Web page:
Green Energy Initiatives by Tokyo Cement Group
The principal causal factor of global warming identified is the excessive release of CO2 to the atmosphere by anthropogenic activity. The primary cause identified for this phenomenon is the combustion of hydrocarbons such as fossil fuels, natural gases, peat and coal for the derivation of energy for human activity. More recently, the production of cement has also been identified as an excessive emitter of CO2, due to the release of this gas as a by-product of the process treating limestone. Thus for reducing the release of CO2, which is principally responsible for climate change, emphasis is on the use of alternative sources of energy, preferably those that do not utilize fossil fuels but use renewable sources.
Tokyo Cement Company was launched the early 1980’s in the eastern port city of Trincomalee to cater to the demand of much needed cement for the housing and construction industry of Sri Lanka. Since the inception of operation in early 1980’s the production process depended on the electricity from national grid. In 2008 Tokyo Cement Company commissioned Sri Lanka’s first of its kind 10 mw biomass power plant fueled by rice husk, saw dust and wood of Gliricidia sapium. The biomass power plant provided stable power supply in the production of cement while displacing electricity from the national grid same time supplying the excess to the national grid. The project is supported by UNFCCC carbon credit program and annually generates 40,000 t CO2e.
In 2014, the Tokyo Cement Group has commissioned its second wood based dendro power plant in the city of Mahiyanaganaya. The 5 MW dendro power project is fueled by Gliricidia sepium wood supplied by the out growers in the area.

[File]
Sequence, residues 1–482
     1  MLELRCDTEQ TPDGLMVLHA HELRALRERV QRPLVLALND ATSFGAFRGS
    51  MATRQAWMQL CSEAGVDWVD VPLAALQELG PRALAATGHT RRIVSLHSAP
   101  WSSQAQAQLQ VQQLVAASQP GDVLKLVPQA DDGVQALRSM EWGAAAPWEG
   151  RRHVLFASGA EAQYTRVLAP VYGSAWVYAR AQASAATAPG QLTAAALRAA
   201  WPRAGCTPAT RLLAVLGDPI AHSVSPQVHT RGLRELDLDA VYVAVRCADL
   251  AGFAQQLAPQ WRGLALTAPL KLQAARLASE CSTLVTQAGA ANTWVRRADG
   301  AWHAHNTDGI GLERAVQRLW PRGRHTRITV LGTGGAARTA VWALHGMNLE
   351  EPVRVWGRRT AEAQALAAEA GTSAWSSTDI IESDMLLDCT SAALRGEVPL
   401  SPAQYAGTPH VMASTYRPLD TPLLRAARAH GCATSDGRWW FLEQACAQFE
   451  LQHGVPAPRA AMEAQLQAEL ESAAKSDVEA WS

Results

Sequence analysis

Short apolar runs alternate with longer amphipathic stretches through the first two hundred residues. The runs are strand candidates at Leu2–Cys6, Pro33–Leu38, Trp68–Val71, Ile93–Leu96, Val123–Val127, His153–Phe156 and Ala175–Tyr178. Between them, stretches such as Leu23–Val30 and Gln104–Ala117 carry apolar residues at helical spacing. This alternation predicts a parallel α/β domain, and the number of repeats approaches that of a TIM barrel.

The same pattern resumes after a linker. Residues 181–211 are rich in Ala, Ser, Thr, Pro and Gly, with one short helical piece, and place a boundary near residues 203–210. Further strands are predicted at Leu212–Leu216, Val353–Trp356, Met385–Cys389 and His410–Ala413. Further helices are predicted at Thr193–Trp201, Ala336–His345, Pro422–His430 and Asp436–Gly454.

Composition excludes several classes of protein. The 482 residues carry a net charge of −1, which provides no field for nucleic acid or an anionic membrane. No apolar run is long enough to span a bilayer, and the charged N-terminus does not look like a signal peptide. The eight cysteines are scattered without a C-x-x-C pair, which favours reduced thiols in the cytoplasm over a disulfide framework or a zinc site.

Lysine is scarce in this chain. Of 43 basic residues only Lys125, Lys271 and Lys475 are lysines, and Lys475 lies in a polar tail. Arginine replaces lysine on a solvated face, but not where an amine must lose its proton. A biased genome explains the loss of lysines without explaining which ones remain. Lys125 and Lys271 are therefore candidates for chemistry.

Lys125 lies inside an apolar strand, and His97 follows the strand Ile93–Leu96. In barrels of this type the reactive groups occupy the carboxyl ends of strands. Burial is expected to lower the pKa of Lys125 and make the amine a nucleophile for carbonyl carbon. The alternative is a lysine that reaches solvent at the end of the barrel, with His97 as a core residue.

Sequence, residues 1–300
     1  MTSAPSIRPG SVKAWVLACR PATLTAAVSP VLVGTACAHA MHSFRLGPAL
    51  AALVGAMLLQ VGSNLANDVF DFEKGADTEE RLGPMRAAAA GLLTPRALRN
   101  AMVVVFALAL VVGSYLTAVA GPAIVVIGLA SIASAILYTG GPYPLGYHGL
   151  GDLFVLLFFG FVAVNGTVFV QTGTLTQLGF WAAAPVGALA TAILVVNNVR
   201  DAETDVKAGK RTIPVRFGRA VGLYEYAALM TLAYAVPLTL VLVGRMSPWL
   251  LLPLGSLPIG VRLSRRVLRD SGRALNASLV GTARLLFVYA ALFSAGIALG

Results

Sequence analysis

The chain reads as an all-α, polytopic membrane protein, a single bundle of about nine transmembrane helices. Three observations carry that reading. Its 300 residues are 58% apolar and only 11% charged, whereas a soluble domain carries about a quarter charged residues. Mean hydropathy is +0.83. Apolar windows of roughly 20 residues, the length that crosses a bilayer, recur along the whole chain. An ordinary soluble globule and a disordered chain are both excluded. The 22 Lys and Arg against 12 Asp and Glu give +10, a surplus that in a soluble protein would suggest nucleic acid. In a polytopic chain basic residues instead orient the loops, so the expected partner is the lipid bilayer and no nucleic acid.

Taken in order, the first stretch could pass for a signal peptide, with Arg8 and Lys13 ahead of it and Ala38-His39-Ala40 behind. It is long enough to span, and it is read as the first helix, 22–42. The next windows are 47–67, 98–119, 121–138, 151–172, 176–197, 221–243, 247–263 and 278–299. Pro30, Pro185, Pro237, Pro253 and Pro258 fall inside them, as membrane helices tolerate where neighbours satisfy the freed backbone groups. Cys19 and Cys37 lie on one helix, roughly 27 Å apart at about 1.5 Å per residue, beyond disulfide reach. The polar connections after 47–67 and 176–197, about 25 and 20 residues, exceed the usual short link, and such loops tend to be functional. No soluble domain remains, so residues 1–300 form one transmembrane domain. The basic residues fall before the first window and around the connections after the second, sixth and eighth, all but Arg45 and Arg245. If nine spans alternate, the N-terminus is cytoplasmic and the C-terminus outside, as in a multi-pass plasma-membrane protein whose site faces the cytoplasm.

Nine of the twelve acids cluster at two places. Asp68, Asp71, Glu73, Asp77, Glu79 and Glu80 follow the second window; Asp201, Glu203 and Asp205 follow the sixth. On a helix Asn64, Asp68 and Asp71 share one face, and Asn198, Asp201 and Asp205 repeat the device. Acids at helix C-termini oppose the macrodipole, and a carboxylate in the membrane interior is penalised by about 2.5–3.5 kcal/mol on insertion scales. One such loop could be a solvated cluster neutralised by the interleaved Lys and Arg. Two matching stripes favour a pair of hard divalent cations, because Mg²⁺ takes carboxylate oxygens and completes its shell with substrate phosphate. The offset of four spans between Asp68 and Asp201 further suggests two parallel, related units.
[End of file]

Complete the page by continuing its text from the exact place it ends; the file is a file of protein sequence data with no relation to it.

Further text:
The aim of our organization is to promote enterprises that help Sri Lanka, both economically and environmentally. The organization firmly believes that this objective is met through the development of Green cement using Green energy, and thus is a step in the correct direction. Hence the organization has embarked upon these renewable energy projects in Trincomalee and Mahiyanganaya with 15 MW capacity. Although we are walking on a tightrope, we are proving that our aspirations are being realized and thus hope that our venture will be the first of many, to help our motherland and its populations receive energy and products through Green energy in an environmentally friendly manner.
Keywords: CO2, Dendro power, Green energy
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Proceedings of International Forestry and Environment Symposium, Sri Lanka. Published by Department of Forestry and Environmental Science, University of Sri Jayewardenepura